By Neil Clinton. Download as PDF. After decades of overfishing, mismanagement, and decreasing stock sizes, fishermen, scientists, and regulators have found a way to work together in order to bring about significant change in the management of the country’s first and oldest fishery. Better science, tempered with a more flexible management style, is ending an era of overfishing, and helping to rebuild ground fish populations in New England.
Commercial fishing in Massachusetts is a four hundred year old industry. It is an integral part of the region’s identity, and those who take up its backbreaking labor are fiercely protective of it. To be a commercial fisherman in Massachusetts is more than a job, it is a way of life that families have carried on for generations. However, this way of life has been threatened by a dramatic depletion in the fish stocks.
For two decades the New England fishery management council has sought to develop a policy that would end overfishing and rebuild ground fish stocks, but its efforts to strike a balance between conservation and commerce have met with little success. In the mid 1990s the agency adopted a regulatory scheme aimed at controlling how, when, and where fishermen could operate. This strict management style led to the development of a derby-style environment in which fishermen competed with one another to catch as much fish as they could.
For many fishermen it became standard operating procedure to exceed their daily catch limits and then dump hundreds of pounds of excess before returning to port in order to avoid being fined. Not surprisingly, stocks declined, profits dried up, and officials tightened restrictions. With no alternative means of earning a living, fishermen continued to operate in the same manner. By the end of the decade the fishery had all but collapsed.
The ensuing crisis pitted fishermen, scientists, and policy-makers against one another. There were disagreements over population sizes, where and when individuals could fish, what gear to use, and ultimately how much of a particular species could be caught.
However, a handful of stakeholders found a way to escape the heated arguments and finger pointing. Together, they drafted an amendment to the New England fisheries plan that would dramatically change the way the industry operates.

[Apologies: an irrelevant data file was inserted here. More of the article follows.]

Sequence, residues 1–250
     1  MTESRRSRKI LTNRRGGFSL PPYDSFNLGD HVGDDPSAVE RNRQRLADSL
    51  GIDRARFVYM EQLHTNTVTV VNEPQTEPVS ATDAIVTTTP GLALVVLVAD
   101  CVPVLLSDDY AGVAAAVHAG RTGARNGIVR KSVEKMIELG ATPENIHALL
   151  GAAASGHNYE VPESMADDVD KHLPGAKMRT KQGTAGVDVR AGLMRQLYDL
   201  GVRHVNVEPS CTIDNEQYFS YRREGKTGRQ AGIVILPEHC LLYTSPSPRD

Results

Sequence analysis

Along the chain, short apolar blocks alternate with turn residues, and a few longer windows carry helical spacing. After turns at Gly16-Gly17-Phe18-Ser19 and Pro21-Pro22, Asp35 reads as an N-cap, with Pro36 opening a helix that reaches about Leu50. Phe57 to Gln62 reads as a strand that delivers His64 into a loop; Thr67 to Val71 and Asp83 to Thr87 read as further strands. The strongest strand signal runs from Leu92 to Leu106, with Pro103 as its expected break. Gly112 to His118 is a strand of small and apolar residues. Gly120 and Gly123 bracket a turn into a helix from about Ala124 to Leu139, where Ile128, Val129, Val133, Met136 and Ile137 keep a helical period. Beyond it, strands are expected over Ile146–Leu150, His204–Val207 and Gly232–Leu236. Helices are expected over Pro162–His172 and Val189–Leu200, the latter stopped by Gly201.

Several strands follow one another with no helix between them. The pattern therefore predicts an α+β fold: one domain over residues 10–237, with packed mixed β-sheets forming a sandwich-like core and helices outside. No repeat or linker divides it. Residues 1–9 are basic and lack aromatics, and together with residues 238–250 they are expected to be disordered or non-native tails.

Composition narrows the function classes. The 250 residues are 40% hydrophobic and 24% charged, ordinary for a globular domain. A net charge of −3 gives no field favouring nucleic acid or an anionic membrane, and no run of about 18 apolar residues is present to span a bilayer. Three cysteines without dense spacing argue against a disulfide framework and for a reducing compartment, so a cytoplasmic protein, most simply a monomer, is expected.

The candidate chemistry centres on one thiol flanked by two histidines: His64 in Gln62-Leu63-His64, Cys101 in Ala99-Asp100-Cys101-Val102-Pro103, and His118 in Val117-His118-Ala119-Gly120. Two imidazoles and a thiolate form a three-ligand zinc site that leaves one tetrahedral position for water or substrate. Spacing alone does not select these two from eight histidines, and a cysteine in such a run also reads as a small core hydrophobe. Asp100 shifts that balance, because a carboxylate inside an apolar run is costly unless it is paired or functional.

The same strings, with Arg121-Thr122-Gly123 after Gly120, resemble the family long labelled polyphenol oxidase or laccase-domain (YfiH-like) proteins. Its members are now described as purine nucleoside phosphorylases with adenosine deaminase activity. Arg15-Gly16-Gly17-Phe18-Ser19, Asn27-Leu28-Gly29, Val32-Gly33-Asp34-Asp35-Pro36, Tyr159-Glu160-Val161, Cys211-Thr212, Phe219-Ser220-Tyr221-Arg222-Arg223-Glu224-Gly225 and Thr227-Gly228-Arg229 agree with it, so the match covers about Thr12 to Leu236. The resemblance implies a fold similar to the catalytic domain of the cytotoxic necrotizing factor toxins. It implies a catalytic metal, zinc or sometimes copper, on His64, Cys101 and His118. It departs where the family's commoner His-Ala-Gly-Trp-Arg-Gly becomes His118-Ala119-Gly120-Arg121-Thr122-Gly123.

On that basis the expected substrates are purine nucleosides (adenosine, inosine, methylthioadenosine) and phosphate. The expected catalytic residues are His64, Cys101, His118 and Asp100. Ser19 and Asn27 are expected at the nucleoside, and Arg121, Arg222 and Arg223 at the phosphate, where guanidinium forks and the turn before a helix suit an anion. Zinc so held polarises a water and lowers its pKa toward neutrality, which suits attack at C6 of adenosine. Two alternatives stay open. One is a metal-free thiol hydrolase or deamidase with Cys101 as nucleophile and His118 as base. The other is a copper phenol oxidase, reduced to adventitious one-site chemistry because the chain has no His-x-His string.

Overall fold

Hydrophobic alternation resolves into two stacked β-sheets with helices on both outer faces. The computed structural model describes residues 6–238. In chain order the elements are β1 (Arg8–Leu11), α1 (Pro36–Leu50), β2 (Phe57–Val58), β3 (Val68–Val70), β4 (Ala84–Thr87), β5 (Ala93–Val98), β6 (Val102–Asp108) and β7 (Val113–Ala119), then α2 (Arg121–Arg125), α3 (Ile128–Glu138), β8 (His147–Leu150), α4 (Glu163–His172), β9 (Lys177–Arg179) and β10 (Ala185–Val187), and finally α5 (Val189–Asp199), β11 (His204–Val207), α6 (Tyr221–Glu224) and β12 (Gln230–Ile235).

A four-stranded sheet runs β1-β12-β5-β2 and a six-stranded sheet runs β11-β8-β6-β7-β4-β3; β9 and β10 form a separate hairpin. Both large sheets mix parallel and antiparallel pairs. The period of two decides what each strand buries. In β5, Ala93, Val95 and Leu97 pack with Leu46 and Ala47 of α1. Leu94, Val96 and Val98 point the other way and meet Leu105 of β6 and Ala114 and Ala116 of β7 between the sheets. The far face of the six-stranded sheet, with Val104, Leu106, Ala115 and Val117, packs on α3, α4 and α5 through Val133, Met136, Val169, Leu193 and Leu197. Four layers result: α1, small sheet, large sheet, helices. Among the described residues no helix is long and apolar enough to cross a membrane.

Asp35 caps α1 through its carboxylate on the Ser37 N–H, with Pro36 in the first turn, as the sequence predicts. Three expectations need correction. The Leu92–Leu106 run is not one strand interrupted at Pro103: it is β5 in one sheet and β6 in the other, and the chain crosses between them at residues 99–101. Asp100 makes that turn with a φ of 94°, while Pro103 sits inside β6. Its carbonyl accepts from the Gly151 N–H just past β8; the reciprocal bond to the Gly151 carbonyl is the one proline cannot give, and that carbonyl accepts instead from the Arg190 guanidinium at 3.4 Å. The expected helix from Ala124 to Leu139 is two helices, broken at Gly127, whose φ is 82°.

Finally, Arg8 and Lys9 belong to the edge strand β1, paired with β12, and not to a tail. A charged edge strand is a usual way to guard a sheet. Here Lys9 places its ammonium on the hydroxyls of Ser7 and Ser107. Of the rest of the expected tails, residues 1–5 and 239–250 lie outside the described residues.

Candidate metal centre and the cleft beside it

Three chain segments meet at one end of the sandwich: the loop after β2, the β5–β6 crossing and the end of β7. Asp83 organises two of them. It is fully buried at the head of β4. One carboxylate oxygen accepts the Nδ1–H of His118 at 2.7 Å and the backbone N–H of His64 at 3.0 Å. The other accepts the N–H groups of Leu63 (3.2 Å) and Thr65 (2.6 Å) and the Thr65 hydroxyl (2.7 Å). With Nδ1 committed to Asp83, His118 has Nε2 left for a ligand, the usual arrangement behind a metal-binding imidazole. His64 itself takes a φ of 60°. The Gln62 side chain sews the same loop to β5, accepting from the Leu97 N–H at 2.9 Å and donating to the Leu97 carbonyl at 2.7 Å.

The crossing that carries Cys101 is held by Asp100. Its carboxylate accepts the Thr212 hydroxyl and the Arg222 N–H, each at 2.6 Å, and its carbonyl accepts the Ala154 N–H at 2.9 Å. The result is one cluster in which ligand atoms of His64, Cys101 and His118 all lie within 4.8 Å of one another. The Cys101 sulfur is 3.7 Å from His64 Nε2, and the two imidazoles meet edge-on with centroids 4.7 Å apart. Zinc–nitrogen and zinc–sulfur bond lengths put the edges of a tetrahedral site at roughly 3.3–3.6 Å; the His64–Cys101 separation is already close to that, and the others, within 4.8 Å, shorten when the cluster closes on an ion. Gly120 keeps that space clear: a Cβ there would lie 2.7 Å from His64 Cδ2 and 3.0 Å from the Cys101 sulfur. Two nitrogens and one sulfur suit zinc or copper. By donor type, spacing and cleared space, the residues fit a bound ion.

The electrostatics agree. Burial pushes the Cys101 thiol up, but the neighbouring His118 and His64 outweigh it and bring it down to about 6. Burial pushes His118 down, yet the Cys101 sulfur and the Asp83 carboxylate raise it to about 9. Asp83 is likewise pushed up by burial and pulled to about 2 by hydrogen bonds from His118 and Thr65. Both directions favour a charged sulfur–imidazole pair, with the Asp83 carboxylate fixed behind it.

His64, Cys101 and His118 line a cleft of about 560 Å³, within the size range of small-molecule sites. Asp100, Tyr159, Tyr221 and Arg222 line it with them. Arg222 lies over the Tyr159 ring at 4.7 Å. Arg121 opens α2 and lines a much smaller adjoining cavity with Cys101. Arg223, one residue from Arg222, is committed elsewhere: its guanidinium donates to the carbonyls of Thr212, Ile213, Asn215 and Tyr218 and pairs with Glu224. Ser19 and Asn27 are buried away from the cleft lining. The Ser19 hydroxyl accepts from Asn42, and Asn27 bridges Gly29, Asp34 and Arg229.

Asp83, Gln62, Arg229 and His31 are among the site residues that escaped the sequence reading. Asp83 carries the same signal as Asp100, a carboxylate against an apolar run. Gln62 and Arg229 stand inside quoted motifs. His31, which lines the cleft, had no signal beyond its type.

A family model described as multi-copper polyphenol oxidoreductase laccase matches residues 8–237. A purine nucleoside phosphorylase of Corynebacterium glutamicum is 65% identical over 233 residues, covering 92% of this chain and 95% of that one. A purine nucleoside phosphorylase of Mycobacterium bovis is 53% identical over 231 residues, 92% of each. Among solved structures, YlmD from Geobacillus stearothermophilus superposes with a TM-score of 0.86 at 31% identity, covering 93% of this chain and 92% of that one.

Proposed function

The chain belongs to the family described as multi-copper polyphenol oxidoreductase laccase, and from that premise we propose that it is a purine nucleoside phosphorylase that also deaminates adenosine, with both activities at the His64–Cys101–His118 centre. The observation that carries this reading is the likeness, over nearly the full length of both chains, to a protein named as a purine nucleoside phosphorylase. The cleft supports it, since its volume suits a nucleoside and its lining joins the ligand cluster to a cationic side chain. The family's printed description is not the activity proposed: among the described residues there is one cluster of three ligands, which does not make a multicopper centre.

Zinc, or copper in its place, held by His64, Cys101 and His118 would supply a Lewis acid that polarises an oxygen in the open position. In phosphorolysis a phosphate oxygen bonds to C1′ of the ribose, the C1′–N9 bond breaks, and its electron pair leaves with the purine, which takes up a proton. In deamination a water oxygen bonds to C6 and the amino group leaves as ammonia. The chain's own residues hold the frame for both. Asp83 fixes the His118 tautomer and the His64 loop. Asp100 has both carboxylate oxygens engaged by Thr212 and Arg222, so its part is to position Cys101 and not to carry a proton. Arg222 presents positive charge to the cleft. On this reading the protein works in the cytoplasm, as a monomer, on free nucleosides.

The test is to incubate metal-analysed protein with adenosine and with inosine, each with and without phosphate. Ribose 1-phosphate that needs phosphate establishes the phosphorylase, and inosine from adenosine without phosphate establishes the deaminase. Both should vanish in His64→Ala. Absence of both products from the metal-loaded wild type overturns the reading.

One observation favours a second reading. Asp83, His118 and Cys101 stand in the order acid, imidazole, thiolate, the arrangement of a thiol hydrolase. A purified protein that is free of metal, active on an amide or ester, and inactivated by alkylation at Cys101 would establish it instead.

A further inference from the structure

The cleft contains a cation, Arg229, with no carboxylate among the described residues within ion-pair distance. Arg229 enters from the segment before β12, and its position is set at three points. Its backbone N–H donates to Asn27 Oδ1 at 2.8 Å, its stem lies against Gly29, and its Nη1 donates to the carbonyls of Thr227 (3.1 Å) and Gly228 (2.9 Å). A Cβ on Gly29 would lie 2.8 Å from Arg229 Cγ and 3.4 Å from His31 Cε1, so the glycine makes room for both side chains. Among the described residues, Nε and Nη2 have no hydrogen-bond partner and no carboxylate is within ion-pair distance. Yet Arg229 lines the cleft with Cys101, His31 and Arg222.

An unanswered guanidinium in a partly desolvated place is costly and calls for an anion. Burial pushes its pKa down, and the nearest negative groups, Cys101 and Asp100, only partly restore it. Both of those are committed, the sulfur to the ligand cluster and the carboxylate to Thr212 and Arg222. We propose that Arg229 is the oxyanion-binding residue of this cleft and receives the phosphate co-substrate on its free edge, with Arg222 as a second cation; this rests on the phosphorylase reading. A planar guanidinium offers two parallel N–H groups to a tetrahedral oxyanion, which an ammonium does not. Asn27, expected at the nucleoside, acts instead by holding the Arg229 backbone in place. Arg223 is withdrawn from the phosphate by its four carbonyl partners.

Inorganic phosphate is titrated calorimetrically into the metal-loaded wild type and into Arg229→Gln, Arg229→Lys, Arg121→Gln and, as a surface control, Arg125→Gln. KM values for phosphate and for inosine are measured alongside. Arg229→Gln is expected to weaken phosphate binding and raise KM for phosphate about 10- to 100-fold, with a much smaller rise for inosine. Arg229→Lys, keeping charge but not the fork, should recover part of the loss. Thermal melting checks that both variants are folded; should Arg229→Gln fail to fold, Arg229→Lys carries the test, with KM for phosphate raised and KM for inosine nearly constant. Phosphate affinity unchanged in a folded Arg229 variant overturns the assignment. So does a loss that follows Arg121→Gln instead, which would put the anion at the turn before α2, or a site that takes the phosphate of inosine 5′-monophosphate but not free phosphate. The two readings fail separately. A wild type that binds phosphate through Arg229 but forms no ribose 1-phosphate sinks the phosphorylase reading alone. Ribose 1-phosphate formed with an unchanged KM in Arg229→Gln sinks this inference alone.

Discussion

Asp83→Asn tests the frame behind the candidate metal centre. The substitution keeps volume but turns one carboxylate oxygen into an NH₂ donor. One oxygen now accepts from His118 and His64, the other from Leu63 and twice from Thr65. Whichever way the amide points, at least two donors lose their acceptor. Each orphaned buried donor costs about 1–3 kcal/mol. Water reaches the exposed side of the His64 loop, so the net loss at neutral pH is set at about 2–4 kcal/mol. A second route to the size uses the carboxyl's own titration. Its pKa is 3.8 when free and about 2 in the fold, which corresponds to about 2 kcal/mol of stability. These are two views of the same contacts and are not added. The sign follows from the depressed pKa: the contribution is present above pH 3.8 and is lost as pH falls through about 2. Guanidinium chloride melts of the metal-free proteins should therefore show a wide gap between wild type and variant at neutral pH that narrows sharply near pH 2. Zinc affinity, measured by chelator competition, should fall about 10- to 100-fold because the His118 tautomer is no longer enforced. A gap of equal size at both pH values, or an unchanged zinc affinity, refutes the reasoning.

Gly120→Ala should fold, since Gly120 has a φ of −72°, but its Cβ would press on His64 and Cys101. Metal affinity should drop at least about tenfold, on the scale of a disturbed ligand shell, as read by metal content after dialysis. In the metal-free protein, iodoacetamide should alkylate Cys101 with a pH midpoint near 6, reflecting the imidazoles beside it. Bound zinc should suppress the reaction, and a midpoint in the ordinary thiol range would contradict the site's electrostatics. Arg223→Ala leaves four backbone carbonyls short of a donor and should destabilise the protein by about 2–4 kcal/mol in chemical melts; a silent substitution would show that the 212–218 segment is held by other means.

In 2006, the New England fishery management council proposed an amendment to the existing regulatory scheme. The plan established a catch-share program by which fishermen could voluntarily join a cooperative in order to pool resources. This sector management system, as it came to be known, allowed each member to fish an unlimited number of days without daily restrictions so long as he did not exceed his annual quota of a given species.
The policy aimed at using science-based catch limits, adequate monitoring of target fish, and a reduction in by-catch discards to end overfishing and rebuild the stocks. Within a year of its implementation in 2010, discards (undersize and non-targeted fish) were reduced to an almost negligible level. As a result of this change in behavior, there was a general feeling amongst stakeholders that a real and lasting progress could be achieved. One sign of this good feeling was the fact that all but one percent of New England fishermen joined a sector.
The system has not been immune to criticism. Many within the industry believe that the sectors are causing a consolidation of quotas in the hands of a few fishermen, who have larger fleets and bigger boats. And there are still difficulties in making accurate assessments of fish stocks. For example, there was controversy in January 2013 when inaccurate forecasts led to a decision to dramatically reduce the quota of Gulf of Maine codfish.
Still, the overall success of the project cannot be denied. The majority of fishermen, scientists and regulators are working together to develop more effective means of targeting healthy fish populations. And stock assessments are slowly getting better. Regulators are starting to understand that fishery management is not an exact science and that policy must account for this uncertainty.
The road ahead will force many to leave the industry. But for those who remain and carry on the sector management system a healthier more productive ground fishery will result.
Neil Clinton is in his second year at Suffolk University Law School. He received his B.A. from Bowdoin College. Neil is a Marine combat veteran who served six years on active duty prior to attending Suffolk. He plans to pursue a career in environmental law with a focus on energy policy.